|Design and construction|
|Owner||Fairmont Hotels and Resorts|
The Savoy Hotel is a luxury hotel on the Strand in central London. It was built by impresario Richard D'Oyly Carte with profits from his Gilbert and Sullivan operas, and opened on 6 August 1889. It was the first in the Savoy group of hotels and restaurants, which were owned by his family for over a century.
The Savoy was the first luxury hotel in Britain. It had electric lights throughout the building, electric lifts, bathrooms in most of the lavishly furnished rooms, constant hot and cold running water, and many other innovations. D'Oyly Carte hired manager César Ritz and French chef Auguste Escoffier, who established the highest quality in service, entertainment and dining. The hotel attracted royalty and other rich guests and diners. Winston Churchill frequently took his cabinet to lunch at the hotel.
The hotel became Carte's most successful venture. Its bands, Savoy Orpheans and the Savoy Havana Band, became famous, and other entertainers (who were also often guests) included George Gershwin, Frank Sinatra, Lena Horne and Noël Coward. Famous guests have included Edward VII, Enrico Caruso, Charlie Chaplin, Harry Truman, Joan Crawford, Judy Garland, Babe Ruth, Laurence Olivier, Marilyn Monroe, John Wayne, Humphrey Bogart, Elizabeth Taylor, Barbra Streisand, Bob Dylan, The Beatles and numerous others.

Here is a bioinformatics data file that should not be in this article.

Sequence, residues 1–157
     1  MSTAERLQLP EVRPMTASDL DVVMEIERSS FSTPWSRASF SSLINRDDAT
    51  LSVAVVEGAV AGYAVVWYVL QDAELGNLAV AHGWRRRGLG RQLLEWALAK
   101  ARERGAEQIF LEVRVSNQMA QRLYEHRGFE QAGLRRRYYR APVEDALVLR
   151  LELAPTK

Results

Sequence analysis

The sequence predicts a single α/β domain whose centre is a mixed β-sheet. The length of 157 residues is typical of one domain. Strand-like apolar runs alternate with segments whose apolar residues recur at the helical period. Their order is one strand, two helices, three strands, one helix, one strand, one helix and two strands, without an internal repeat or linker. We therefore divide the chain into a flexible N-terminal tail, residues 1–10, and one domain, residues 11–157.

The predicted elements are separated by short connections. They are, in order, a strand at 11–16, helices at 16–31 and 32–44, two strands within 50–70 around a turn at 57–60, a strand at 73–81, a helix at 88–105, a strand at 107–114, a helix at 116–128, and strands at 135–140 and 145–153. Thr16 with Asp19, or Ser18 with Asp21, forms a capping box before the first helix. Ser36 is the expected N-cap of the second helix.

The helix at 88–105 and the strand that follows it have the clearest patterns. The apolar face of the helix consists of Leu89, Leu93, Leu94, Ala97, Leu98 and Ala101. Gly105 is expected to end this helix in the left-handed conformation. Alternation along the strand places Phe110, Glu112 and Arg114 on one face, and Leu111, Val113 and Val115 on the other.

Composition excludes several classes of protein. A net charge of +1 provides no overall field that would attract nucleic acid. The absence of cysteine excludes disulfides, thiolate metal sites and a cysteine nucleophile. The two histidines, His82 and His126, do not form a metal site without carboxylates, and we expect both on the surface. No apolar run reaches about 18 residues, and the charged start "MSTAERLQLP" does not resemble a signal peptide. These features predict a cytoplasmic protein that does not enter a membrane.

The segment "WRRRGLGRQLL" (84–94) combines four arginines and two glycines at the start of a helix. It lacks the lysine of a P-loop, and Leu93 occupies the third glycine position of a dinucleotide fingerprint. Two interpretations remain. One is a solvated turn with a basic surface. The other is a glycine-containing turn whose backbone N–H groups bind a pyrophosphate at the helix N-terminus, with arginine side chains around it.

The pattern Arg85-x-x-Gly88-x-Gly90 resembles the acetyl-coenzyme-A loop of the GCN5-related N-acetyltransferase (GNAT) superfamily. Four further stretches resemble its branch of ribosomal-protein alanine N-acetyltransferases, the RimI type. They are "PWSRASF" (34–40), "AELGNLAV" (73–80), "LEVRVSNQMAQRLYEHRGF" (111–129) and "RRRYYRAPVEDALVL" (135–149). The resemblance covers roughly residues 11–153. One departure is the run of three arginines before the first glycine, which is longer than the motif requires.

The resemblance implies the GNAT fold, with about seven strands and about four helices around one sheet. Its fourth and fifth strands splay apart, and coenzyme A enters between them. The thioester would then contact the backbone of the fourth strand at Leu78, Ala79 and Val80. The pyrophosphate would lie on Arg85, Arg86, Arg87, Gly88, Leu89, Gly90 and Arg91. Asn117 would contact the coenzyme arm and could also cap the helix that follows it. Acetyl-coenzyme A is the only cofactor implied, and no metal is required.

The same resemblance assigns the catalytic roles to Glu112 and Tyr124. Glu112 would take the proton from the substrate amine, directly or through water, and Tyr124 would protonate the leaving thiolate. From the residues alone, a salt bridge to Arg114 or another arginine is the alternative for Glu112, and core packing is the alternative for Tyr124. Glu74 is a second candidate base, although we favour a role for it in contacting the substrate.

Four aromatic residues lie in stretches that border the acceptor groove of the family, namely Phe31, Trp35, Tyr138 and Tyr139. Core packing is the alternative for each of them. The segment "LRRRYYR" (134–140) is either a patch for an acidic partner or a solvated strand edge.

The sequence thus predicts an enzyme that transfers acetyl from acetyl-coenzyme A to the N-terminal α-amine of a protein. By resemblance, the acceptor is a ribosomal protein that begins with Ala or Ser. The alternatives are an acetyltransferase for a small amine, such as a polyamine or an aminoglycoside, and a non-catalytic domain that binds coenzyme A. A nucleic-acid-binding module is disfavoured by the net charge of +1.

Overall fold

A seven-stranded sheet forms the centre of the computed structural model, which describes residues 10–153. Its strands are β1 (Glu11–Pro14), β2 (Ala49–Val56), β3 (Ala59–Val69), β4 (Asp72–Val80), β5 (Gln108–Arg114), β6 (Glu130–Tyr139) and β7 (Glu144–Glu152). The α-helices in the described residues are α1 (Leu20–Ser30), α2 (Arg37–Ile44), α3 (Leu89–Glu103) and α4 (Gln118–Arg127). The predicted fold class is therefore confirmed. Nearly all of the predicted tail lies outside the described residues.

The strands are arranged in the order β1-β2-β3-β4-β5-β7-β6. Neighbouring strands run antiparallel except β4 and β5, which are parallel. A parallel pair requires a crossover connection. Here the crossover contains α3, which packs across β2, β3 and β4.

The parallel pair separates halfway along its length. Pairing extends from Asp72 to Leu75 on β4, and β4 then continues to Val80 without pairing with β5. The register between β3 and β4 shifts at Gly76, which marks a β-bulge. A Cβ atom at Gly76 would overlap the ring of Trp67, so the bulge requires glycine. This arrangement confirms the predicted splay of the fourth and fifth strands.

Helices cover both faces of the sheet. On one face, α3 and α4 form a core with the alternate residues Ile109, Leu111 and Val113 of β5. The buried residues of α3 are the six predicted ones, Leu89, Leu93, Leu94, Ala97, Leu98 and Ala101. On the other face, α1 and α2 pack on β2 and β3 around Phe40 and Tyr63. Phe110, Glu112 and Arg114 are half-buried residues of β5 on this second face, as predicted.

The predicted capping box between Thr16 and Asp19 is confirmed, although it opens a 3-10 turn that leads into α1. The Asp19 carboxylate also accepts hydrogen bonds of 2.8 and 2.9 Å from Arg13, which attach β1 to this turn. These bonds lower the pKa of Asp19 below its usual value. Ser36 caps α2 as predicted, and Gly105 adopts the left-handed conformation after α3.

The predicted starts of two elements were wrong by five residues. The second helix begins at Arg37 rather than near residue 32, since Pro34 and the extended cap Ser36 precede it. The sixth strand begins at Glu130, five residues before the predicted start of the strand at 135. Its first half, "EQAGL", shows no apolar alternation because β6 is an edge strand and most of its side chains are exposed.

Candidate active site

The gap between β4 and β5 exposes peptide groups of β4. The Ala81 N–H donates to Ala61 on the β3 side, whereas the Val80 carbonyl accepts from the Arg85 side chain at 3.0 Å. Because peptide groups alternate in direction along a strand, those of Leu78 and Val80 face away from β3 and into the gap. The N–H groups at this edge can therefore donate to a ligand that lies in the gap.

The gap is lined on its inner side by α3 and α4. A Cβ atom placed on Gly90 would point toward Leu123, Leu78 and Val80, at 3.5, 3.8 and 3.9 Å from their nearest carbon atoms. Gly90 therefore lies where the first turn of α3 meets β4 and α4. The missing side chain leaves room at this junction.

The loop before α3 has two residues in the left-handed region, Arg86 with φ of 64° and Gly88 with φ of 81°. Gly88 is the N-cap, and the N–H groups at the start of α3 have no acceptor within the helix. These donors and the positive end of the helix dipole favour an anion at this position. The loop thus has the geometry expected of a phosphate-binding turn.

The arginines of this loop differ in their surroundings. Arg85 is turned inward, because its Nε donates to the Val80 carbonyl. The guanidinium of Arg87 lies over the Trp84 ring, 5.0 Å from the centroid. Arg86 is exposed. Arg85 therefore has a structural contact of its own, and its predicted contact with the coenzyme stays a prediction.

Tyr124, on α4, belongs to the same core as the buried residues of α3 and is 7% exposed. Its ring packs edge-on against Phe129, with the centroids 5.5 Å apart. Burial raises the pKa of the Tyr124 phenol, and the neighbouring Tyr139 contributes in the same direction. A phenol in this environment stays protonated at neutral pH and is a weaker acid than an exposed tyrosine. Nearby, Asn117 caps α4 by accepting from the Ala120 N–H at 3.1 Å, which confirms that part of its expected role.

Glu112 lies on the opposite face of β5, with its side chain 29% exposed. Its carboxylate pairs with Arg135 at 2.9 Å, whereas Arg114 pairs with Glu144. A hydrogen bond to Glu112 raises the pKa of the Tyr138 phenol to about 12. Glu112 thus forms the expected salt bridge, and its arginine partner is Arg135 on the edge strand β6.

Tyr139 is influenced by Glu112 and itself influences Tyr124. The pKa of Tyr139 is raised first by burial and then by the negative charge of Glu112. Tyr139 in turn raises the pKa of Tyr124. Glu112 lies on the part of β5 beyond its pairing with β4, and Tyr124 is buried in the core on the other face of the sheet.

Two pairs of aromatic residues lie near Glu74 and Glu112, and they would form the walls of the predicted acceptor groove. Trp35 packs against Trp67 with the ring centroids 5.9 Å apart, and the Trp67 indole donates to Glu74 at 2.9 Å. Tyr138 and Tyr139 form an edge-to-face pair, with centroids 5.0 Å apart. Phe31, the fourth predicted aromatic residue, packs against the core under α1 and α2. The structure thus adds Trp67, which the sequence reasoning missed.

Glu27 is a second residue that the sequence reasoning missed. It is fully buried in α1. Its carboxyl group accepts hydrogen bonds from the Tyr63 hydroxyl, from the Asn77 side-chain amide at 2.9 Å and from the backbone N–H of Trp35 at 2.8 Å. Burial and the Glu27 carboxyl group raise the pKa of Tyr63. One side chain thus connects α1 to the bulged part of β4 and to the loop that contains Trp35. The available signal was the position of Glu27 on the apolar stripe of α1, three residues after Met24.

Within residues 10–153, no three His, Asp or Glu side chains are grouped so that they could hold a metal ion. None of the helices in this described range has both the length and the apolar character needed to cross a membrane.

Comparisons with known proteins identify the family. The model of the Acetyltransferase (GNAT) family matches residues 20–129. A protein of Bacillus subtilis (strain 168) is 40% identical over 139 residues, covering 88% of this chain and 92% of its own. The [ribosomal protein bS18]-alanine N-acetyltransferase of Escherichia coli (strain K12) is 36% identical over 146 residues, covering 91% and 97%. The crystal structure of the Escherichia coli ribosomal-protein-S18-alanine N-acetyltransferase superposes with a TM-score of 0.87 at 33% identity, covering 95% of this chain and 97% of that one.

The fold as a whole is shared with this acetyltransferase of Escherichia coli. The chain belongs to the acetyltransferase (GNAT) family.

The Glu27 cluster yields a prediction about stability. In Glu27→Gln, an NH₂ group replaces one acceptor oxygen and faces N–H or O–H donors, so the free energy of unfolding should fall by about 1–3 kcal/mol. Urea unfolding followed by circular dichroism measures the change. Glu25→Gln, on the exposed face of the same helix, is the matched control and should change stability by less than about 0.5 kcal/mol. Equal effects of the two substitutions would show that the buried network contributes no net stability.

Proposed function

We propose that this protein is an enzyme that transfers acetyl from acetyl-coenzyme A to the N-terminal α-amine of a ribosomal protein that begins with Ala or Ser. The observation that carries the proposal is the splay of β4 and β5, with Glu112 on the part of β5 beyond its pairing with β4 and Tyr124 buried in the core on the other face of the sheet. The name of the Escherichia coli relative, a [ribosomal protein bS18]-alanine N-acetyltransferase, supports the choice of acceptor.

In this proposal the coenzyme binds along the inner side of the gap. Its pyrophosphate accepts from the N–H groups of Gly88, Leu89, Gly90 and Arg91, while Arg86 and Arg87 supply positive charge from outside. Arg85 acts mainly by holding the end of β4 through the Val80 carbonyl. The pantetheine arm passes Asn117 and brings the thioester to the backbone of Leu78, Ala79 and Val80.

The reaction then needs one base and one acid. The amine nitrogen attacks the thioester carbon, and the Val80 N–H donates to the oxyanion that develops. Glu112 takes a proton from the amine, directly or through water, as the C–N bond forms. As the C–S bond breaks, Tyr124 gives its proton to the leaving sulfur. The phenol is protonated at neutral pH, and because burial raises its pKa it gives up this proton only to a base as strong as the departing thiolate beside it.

The hotel is now managed by Fairmont Hotels and Resorts. It has been called "London's most famous hotel". It is still one of London's most prestigious and opulent hotels, with 268 rooms and panoramic views of the River Thames across Savoy Place and the Thames Embankment. The hotel closed in December 2007 for extensive renovations and reopened in October 2010.
References[change | change source]
- Mather, Victoria. 2010. The Savoy hotel, London, reopens after £220 million restoration. The Telegraph. 
- Prynn, Jonathan. "Savoy 'up for sale' as Saudi owner's billions dwindle", 16 April 2009
- The Savoy, Fairmont.com.